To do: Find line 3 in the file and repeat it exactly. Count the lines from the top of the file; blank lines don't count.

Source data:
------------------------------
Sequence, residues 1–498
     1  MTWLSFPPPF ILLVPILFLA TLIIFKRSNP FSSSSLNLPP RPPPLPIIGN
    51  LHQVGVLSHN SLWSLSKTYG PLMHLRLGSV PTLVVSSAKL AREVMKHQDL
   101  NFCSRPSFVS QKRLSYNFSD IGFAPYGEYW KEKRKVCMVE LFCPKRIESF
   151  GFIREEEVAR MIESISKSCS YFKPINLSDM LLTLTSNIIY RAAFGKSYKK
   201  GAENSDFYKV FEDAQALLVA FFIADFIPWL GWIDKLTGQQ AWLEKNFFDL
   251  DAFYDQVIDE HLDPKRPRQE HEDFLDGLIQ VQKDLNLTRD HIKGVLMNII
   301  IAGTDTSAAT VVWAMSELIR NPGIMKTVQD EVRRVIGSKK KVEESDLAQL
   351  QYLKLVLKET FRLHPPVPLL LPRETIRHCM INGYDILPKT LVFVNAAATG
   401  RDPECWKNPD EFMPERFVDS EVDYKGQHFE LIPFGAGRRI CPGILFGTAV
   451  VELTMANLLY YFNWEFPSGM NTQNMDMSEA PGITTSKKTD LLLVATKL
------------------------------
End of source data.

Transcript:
    51  LHQVGVLSHN SLWSLSKTYG PLMHLRLGSV PTLVVSSAKL AREVMKHQDL